July 4, 2022

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Economic fears hit global stocks, authorities;  Twitter raises Wall St

Economic fears hit global stocks, authorities; Twitter raises Wall St

WASHINGTON/LONDON (Reuters) – European shares slumped to one-month lows and commodity prices fell on Monday on renewed concerns about rising interest rates and a faltering Chinese economy, while Wall Street stocks rose to recover their losses after Twitter agreed to be so. Billionaire Elon Musk bought it.

Fears of the coronavirus outbreak in China have already sparked investor fears that higher US interest rates could dampen economic growth. US stocks were lower for most of the session, extending last week’s sharp declines. CBOE Volatility Index (.VIX) Known as Wall Street’s fear gauge, it reached its lowest level since mid-March.

Twitter Inc (TWTR.N)Stocks rose on news that Elon Musk, the world’s richest person, struck a deal to pay $44 billion in cash to the social media platform populated by millions of users and global leaders. Read more

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After news of the deal, Wall Street later reversed course from the rally by developing stocks, and the Nasdaq closed sharply higher.

Dow Jones Industrial Average (.DJI) It rose 0.7 percent to end at 34,049.46 points, while the Standard & Poor’s 500 . rose (.SPX) It rose 0.57% to 4,296.12.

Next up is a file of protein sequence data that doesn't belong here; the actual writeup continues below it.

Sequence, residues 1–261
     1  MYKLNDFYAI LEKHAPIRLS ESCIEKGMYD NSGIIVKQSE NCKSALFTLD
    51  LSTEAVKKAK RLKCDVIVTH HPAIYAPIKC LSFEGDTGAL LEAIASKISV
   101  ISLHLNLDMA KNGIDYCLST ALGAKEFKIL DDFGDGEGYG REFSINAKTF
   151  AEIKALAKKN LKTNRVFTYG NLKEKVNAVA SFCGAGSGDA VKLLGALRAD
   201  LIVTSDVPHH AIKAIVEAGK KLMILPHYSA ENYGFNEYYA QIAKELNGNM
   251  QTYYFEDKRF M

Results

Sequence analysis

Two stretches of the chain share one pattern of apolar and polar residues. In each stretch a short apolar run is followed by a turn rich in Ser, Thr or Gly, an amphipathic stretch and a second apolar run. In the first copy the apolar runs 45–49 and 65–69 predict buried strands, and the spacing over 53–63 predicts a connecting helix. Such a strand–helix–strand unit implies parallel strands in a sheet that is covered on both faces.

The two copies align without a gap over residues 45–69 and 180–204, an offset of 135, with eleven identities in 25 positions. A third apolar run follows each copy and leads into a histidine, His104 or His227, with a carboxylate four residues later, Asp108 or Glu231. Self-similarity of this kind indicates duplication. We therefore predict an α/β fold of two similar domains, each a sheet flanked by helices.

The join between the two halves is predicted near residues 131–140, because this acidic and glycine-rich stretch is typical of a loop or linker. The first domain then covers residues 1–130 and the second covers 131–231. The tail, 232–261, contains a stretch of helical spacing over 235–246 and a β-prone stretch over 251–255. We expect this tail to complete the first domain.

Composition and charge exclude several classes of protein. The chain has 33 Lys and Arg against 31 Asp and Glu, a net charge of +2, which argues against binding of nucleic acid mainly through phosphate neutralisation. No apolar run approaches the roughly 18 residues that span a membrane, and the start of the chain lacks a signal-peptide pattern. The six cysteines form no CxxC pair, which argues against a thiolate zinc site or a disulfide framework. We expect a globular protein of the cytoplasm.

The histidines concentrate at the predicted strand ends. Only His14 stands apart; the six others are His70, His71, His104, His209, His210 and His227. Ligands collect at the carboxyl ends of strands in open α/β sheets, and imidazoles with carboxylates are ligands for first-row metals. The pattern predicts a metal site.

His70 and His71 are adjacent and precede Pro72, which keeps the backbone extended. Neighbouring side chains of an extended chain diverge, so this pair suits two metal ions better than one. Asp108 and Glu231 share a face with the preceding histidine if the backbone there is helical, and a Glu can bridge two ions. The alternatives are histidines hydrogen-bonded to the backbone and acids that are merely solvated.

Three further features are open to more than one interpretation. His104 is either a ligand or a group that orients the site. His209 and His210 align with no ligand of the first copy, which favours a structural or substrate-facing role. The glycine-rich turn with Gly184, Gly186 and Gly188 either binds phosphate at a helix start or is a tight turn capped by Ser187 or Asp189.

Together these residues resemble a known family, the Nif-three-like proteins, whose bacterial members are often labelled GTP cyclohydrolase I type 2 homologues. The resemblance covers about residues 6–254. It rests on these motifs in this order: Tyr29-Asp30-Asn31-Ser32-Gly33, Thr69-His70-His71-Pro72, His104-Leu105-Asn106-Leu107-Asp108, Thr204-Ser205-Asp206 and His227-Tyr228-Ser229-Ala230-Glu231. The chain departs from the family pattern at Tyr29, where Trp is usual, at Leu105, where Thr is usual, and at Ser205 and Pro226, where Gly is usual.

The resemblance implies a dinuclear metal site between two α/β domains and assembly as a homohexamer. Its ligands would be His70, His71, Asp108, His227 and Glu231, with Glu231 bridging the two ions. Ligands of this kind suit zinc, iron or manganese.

Nasdaq Composite (nineteenth) It rose 1.29% to 13,004.85.

“You could tell the growth wanted to go up all day but the market was holding it back. The Twitter news came in and that was just a green light to start buying some growth names. They’ve been oversold for a while,” said Dennis Dick, a trader at Bright Trading LLC.

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Earlier, the European STOXX 600 Index (.stoxx) It fell 1.8 percent to close at its lowest level since mid-March. Commodity stocks fell 6%, as global concerns overshadowed relief from the results of Sunday’s French presidential election that saw Emmanuel Macron outperform far-right rival Marine Le Pen.

MSCI Standard for Global Stock Markets (.MIWD00000PUS) It fell 0.41% to 668.85. Emerging market stocks (MSCIEF) It fell 2.61%. Overnight, Asian markets experienced their worst daily drop in more than a month amid fears Beijing could return to a COVID-19 lockdown.

“The stock rebound from the first-quarter correction has hit a wall of higher long-term interest rates,” Lisa Schell, chief investment officer at Morgan Stanley, said in a note.

“With the Federal Reserve talking of a faster and larger balance sheet cut than expected, real yields are close to zero in their very negative territory. With the 10-year US Treasury breaking 2.9%, the equity risk premium is

I collapsed.”

The euro fell 0.9%, near its lowest level in the session and its weakest level since the initial panic over the spread of the Corona virus in March 2020.

“The truth is that the story of the French election is more than yesterday’s Macron victory,” said Jane Foley, strategist at Rabobank FX.

France will hold parliamentary elections in June, and it seems likely that Macron will continue to push for a ban on Russian oil and gas imports across Europe, which could cause economic pain in the near term.